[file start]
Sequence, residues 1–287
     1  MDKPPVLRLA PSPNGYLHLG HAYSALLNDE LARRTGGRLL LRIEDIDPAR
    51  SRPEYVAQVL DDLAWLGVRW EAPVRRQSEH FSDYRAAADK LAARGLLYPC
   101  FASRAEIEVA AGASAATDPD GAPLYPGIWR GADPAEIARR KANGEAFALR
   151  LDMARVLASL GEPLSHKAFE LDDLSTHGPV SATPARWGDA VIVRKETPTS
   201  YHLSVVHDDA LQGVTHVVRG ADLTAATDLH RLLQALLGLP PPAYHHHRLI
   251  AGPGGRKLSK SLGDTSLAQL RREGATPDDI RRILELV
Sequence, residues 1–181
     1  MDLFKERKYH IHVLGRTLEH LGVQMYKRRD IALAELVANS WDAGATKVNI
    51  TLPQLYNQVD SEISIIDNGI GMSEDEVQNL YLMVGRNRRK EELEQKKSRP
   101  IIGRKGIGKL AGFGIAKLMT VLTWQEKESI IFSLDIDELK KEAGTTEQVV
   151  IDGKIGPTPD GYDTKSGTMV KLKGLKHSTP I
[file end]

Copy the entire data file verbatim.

Sequence, residues 1–287
     1  MDKPPVLRLA PSPNGYLHLG HAYSALLNDE LARRTGGRLL LRIEDIDPAR
    51  SRPEYVAQVL DDLAWLGVRW EAPVRRQSEH FSDYRAAADK LAARGLLYPC
   101  FASRAEIEVA AGASAATDPD GAPLYPGIWR GADPAEIARR KANGEAFALR
   151  LDMARVLASL GEPLSHKAFE LDDLSTHGPV SATPARWGDA VIVRKETPTS
   201  YHLSVVHDDA LQGVTHVVRG ADLTAATDLH RLLQALLGLP PPAYHHHRLI
   251  AGPGGRKLSK SLGDTSLAQL RREGATPDDI RRILELV
Sequence, residues 1–181
     1  MDLFKERKYH IHVLGRTLEH LGVQMYKRRD IALAELVANS WDAGATKVNI
    51  TLPQLYNQVD SEISIIDNGI GMSEDEVQNL YLMVGRNRRK EELEQKKSRP
   101  IIGRKGIGKL AGFGIAKLMT VLTWQEKESI IFSLDIDELK KEAGTTEQVV
   151  IDGKIGPTPD GYDTKSGTMV KLKGLKHSTP I